Luiz de Abreu
Calixto Neto O Samba do Crioulo Doido
Faced with the urgency of tackling the issue of de-colonialization, as well as questioning the heritage of slavery and the relationship based on domination that the latter induces, the solo conceived and danced by Luiz de Abreu and then passed on to Calixto Neto, deconstructs the representations of the black body in Brazilian culture. In doing so, it organises the passage of a body-object to that of a body-subject.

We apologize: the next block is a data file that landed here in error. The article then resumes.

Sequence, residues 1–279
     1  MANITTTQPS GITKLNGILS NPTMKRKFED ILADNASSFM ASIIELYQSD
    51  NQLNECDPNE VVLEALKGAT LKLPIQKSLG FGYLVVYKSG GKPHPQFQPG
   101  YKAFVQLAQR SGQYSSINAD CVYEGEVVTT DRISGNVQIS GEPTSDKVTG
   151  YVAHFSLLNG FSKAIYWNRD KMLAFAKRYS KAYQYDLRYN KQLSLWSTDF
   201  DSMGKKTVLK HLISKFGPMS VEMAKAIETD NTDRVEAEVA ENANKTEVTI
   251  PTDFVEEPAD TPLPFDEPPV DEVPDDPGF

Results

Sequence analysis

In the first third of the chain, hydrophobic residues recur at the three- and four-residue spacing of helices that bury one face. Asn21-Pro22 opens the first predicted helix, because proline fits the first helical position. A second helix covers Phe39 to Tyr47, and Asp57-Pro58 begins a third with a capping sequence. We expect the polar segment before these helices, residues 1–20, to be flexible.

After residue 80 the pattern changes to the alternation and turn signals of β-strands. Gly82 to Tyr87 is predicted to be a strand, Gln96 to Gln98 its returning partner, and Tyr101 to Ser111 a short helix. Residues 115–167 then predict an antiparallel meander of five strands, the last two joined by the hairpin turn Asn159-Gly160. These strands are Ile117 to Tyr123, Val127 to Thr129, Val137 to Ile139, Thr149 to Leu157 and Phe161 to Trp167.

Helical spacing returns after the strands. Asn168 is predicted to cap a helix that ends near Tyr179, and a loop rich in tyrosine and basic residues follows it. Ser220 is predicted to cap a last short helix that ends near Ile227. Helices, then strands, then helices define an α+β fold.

By asking Calixto Neto to play out the stereotypes linked to the black body, anchored, far too deeply, in the Brazilian collective subconscious, Luiz de Abreu succeeds in turning racist clichés back on themselves. A black body plunged into the darkness, the dancer, naked, exaggerates his movements in order to ridicule the identitarian projections which assign him to an unchosen figment of the imagination, oscillating between eroticism and exoticism. The writing of Luiz de Abreu parodies both the carnival and classical ballet, displacing the cultural signs in order to unleash the subconscious. The frontal, pared-down form of exhibition that the staging brings about is in keeping with the radical nature of the dramatic proposition itself, whilst the ensuing malicious and incisive brand of humour attenuates the violence of the critique. By means of penile games, stomach waves and butt-shaking, the playful and joyous movements return the dancer’s body, via symbolic means, to its raw, primary materiality. It becomes a subordinate body delving deep into itself in search of its emancipation.